TOKYO — President Joe Biden said Monday that if China invaded Taiwan, the US would engage militarily, adding that the commitment to preserve the island is “much stronger” following Russia’s invasion of Ukraine. It was one of the most powerful presidential comments in decades in favour of Taiwan’s independence.
When asked if he was willing to get engaged militarily to defend Taiwan if China invaded, Biden responded “absolutely” at a news conference in Tokyo. He continued, “That’s the commitment we made.”
The United States has traditionally avoided making such an explicit security guarantee to Taiwan, with which it no longer has a mutual defence treaty, preferring instead to maintain a policy of “strategic ambiguity” about how far it would be willing to go. The 1979 Taiwan Relations Act, which governs U.S. relations with the island, does not require the United States to intervene militarily if China invades, but it does make it American policy to ensure Taiwan has the resources to defend itself and to prevent it from being
Biden’s comments, according to a White House official, do not reflect a policy shift for the US, a point emphasised even more forcefully by Defense Secretary Lloyd Austin, who was asked by reporters if Biden’s response meant the US would do more to help Taiwan than it has done to help Ukraine, and whether the US was committing to send troops to Taiwan in the event of an invasion.
“Our One China policy has not altered, as the president stated,” Austin said at the Pentagon. “He reaffirmed that policy, as well as our commitment to maintaining peace and stability across the Taiwan Strait.” He further emphasised our commitment under the Taiwan Relations Act to assist Taiwan in acquiring the necessary defence capabilities. So, once again, our policy does not apply.
However, mainland China, which considers Taiwan to be a rogue colony, reacted angrily to Biden’s statements.
Biden’s remarks drew “strong discontent and uncompromising resistance” from Chinese Foreign Ministry spokesperson Wang Wenbin. “On matters concerning China’s vital interests, such as sovereignty and territorial integrity, China has no space for compromise or concessions.”
“China will take firm steps to protect its sovereignty and security interests, and we will do what we say,” he continued.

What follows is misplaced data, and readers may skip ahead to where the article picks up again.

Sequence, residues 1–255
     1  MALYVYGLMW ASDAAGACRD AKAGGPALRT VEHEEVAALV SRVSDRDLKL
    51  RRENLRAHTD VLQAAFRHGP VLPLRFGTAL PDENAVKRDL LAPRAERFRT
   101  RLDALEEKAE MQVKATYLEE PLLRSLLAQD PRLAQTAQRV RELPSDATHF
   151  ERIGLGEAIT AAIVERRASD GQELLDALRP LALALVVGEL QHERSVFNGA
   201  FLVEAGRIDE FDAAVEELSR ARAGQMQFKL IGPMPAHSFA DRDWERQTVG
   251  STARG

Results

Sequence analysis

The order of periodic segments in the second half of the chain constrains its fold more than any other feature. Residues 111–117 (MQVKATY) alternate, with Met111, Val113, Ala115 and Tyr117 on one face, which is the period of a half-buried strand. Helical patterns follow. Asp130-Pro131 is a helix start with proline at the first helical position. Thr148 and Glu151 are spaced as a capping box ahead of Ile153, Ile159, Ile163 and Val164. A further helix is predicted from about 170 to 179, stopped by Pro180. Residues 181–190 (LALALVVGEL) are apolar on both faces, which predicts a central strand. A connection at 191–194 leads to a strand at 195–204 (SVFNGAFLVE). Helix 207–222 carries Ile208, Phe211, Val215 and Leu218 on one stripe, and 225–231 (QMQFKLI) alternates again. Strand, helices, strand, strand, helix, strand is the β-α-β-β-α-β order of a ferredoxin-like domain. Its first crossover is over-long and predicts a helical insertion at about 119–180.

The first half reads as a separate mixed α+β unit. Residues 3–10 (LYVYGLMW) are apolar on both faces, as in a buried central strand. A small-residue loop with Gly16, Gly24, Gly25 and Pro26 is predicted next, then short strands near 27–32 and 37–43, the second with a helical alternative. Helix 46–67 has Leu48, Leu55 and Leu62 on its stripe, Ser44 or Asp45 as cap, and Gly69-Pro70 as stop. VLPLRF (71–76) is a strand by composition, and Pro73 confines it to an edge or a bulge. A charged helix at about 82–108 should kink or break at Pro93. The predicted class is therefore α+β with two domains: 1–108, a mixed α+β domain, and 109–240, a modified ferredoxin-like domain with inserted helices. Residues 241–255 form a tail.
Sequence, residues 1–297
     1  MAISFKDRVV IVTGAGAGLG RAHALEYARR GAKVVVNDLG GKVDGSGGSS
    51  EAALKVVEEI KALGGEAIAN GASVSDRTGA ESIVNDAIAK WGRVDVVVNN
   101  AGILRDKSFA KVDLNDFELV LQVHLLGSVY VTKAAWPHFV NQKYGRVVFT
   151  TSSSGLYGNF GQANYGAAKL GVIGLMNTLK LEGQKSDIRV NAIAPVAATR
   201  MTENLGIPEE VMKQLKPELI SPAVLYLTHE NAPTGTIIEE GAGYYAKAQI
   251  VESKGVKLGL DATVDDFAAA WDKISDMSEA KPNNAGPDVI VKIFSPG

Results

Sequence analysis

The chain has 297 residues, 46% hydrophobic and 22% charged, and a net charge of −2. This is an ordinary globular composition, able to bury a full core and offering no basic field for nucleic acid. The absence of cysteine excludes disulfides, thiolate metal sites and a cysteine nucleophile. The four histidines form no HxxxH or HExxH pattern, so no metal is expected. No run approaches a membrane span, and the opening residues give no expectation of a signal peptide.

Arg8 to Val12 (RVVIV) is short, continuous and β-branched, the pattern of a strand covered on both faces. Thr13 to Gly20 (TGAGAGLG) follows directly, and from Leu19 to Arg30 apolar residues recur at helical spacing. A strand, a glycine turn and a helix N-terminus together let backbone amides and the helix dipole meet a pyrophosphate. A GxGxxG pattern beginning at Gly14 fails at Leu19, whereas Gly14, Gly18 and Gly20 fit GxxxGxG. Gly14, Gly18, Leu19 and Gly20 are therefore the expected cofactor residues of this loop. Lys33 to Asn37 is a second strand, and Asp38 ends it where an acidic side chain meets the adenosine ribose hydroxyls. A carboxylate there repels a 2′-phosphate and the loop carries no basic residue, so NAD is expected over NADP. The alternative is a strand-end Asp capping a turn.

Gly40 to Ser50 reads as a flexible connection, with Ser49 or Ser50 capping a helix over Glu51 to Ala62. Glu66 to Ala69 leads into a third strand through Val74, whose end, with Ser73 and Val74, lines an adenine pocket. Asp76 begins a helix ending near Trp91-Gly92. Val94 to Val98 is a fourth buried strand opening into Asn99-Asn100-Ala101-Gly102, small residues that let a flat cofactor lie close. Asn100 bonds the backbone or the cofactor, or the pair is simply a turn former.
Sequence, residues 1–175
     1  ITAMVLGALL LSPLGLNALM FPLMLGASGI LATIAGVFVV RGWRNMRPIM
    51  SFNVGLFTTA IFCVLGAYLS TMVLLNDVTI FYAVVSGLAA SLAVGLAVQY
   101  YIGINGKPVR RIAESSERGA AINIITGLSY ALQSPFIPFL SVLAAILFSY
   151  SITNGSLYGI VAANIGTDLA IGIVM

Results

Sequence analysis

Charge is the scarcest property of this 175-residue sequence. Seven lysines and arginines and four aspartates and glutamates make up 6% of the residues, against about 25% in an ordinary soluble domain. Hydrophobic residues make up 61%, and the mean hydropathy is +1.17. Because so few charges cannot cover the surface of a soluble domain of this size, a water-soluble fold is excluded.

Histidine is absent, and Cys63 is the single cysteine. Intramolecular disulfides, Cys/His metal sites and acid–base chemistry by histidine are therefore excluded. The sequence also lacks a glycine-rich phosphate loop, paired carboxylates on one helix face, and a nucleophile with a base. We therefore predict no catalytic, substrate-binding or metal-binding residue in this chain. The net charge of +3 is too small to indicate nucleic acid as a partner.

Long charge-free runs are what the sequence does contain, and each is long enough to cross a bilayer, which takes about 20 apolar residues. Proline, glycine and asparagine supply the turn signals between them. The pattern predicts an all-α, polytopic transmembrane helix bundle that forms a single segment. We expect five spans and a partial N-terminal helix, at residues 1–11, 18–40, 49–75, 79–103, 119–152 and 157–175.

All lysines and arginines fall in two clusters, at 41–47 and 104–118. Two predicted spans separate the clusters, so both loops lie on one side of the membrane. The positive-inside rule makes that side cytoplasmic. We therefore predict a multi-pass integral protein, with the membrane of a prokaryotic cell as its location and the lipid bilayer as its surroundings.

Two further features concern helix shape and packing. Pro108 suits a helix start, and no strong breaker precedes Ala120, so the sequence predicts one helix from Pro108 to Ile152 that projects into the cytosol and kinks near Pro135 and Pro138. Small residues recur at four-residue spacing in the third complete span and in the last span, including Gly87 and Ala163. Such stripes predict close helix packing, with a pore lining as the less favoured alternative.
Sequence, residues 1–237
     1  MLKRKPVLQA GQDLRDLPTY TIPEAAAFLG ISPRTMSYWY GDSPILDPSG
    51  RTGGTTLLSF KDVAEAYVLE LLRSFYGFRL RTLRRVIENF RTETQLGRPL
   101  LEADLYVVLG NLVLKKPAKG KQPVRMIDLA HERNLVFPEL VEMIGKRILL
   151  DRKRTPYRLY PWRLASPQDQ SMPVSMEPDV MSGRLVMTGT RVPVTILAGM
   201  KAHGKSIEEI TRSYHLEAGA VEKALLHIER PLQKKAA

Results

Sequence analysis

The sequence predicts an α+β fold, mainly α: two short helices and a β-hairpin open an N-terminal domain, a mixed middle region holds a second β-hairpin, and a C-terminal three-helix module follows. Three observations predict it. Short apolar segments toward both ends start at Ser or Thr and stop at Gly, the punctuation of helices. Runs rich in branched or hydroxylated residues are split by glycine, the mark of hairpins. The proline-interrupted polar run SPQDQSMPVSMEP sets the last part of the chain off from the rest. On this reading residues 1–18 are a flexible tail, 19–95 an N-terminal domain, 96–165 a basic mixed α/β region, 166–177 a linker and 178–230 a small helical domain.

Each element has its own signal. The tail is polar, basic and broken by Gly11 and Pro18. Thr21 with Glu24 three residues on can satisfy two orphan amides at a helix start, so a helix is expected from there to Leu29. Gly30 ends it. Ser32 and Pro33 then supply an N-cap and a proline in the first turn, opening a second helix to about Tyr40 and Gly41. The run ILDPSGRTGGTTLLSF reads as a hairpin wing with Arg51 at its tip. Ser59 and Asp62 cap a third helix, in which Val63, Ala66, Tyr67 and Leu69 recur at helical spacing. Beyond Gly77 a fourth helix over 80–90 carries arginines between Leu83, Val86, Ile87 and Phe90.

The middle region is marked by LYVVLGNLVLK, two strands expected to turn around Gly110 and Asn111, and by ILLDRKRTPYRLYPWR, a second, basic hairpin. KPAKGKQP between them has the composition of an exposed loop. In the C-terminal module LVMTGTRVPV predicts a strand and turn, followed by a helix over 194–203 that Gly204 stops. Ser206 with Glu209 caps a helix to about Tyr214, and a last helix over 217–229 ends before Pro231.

Biden said any attempt by China to use force against Taiwan would “simply not be appropriate,” adding that it would “dislocate the entire area and be another action similar to what happened in Ukraine.”
In recent years, China has increased military provocations against democratic Taiwan in an attempt to intimidate it into adopting Beijing’s demands for unification with the communist mainland.
“They’re flirting with danger right now by flying so close and undertaking all the manoeuvres,” Biden said of China.
The United States acknowledges Beijing as China’s government and has no diplomatic connections with Taiwan under the “one China” policy. The United States, on the other hand, maintains unofficial contacts, including a de facto embassy in Taipei, Taiwan’s capital, and contributes military weapons for the island’s defence.
Biden stated that he “expects” China not to attempt a forcible takeover of Taiwan, but added that this “depends on exactly how strong the world makes plain that that type of action will result in long-term disapproval by the rest of the community.”
He went on to say that deterring China from attacking Taiwan is one of the reasons why Russian President Vladimir Putin must “pay a high price for his barbarism in Ukraine,” lest China and other countries think such behaviour is acceptable.
Biden promptly ruled out putting US soldiers in direct battle with Russia, citing a desire to avoid escalation with nuclear-armed Russia. However, the US has sent billions of dollars in military aid to Ukraine, which has helped the country hold off Russia’s onslaught better than expected.
The Ministry of Foreign Affairs spokesman Joanne Ou expressed “sincere welcome and gratitude” in response to Biden’s statements.
“The international community is very concerned about China’s threat to the security of the Taiwan Strait,” Ou stated. “Taiwan will continue to improve its self-defense capabilities and deepen cooperation with the US, Japan, and other like-minded countries to jointly defend the security of the Taiwan Strait and the rules-based international order, while promoting peace, stability, and prosperity in the Indo-Pacific region,” the statement said.
It’s not the first time Biden has promised to defend Taiwan against a Chinese attack, only for administration officials to claim that nothing had changed. “Yes, we have a commitment to do that,” Biden said at a CNN town hall in October when questioned about using the US military to defend Taiwan.
The White House has clarified or walked back Biden’s views on a number of foreign policy issues. Even though no legal determination had been made on the topic when Trump branded Putin a war criminal in March, Jen Psaki, then the White House press secretary, stated the president was “speaking from his heart.”
“This man cannot remain in power,” Biden said of Putin during a speech in Poland in March. Officials from the White House rushed to clarify that Biden was not advocating for regime change in Russia.
Biden’s new remarks on Taiwan come only days before he publicly announced the long-awaited Indo-Pacific trade pact, which excludes Taiwan.
Taiwan is not a signatory to the Indo-Pacific Economic Framework, according to White House national security adviser Jake Sullivan. The framework is intended to allow the US to work more closely with key Asian economies on issues such as supply chains, digital trade, clean energy, and anticorruption.